Irregular bedtimes can increase the risk of behavioural problems in children, researchers reveal.
Getting a goodnight's sleep is an inevitable part of a kid's routine. Majority of the parents try to enforce a regular bedtime for children as part of a disciplinary habit.
A team of researchers at the University College London (UCL) in UK have now found out that regular bedtime at childhood is crucial for proper development of the brain and also that sleeping at different timings disturbed body's natural rhythms and caused hyperactivity, conduct problems and emotional difficulties in children.
"Not having fixed bedtimes, accompanied by a constant sense of flux, induces a state of body and mind akin to jet lag and this matters for healthy development and daily functioning," researcher, Yvonne Kelly, said in a news release. "We know that early child development has profound influences on health and wellbeing across the life course. It follows that disruptions to sleep, especially if they occur at key times in development, could have important lifelong impacts on health."
The study included more than 10,000 children, enrolled in the UK Millennium Cohort Study (MCS). To analyse the role of regular bedtimes at childhood, researchers recorded the children's bedtimes and behaviour at different ages, including three, five and seven. Children went to bed on different timings mainly at age three, while developed a regular bedtime by age seven (between 7.30 and 8.30 pm).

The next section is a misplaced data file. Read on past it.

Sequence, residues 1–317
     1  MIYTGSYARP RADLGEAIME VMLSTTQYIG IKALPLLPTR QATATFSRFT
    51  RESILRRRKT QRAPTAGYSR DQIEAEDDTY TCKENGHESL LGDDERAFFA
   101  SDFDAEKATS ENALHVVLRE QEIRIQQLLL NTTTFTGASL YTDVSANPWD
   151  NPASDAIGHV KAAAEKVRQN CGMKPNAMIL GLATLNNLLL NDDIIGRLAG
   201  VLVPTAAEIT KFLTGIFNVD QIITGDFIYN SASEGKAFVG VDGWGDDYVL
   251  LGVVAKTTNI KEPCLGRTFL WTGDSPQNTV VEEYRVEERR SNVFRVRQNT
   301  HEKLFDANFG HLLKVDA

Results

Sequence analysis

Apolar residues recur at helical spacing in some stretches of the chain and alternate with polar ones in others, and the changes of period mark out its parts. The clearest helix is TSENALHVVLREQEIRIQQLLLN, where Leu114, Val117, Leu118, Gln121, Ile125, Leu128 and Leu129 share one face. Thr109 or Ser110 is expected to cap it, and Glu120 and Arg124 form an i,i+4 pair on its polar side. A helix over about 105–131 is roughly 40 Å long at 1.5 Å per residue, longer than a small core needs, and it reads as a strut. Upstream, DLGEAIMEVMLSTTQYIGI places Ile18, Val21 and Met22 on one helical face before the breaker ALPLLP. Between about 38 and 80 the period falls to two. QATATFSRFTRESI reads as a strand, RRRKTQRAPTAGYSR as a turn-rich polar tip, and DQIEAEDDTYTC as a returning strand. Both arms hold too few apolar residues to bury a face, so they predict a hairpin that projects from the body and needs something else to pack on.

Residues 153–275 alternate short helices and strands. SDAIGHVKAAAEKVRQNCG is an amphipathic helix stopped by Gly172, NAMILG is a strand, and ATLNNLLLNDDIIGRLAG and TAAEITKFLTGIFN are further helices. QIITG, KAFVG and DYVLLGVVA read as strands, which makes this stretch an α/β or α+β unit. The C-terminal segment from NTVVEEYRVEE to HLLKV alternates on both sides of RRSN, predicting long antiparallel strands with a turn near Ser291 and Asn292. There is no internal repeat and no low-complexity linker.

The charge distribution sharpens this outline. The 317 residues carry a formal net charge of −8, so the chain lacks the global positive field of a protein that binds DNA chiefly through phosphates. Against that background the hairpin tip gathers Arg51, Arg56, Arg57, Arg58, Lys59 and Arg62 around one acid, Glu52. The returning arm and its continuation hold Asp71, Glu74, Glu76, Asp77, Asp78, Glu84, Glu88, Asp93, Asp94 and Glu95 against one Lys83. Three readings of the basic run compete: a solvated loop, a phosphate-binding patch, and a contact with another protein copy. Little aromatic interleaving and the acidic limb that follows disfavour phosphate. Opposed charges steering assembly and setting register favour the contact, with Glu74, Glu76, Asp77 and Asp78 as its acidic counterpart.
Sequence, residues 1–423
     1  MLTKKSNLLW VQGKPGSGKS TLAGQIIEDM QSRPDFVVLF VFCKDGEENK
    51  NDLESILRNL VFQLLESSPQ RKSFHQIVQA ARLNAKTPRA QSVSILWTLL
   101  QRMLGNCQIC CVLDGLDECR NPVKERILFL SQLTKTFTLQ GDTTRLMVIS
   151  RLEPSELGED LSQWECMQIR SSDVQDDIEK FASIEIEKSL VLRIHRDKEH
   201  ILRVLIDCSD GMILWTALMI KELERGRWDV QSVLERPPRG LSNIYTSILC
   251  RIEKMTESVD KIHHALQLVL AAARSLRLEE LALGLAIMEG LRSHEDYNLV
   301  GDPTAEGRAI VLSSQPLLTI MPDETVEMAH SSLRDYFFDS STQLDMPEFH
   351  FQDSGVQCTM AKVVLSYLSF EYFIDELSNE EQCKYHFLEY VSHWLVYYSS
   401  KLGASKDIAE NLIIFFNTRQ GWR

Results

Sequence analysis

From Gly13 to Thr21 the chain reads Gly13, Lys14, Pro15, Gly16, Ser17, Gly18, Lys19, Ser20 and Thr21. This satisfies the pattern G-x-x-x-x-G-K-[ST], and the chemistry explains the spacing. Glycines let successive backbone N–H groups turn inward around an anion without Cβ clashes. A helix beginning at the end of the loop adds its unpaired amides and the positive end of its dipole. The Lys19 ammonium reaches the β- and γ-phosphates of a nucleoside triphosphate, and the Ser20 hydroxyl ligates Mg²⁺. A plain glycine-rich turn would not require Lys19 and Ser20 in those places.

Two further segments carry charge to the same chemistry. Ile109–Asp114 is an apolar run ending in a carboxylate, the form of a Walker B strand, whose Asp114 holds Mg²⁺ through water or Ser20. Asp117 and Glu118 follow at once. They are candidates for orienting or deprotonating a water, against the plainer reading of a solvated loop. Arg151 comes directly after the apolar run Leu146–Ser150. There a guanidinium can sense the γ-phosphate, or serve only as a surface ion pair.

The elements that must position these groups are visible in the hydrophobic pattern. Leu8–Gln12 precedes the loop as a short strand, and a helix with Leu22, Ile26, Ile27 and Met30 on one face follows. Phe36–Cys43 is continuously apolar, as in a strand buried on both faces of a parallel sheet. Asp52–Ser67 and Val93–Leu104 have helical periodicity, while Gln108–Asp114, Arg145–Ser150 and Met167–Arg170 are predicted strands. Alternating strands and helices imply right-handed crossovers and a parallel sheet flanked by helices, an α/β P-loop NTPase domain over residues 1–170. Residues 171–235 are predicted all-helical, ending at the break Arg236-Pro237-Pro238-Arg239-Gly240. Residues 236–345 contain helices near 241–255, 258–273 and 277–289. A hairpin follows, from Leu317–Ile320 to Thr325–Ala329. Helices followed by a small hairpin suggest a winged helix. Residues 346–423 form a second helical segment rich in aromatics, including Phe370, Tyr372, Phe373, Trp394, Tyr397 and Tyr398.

Researchers found that irregular bedtimes disrupted circadian rhythms, caused sleep deprivation and affected the brain's ability to regulate behaviour.
"What we've shown is that these effects build up incrementally over childhood, so that children who always had irregular bedtimes were worse off than those children who did have a regular bedtime at one or two of the ages when they were surveyed," professor Kelly, said. "But our findings suggest the effects are reversible," continued Professor Kelly. "For example, children who change from not having to having regular bedtimes show improvements in their behaviour."
The study was published in the online issue of Pediatrics Today.
The same researchers had reported in the Journal of Epidemiology & Community Health in July this year that irregular bedtime can affect a child's skills at math, reading and spatial awareness at age seven.
According to the National Sleep Foundation, toddlers should get around 12 to 14 hours sleep per day. Previous studies have shown that quality sleep improves children's language skills and poor sleep could lead to heart diseases, academic problems and behavioural malfunctioning.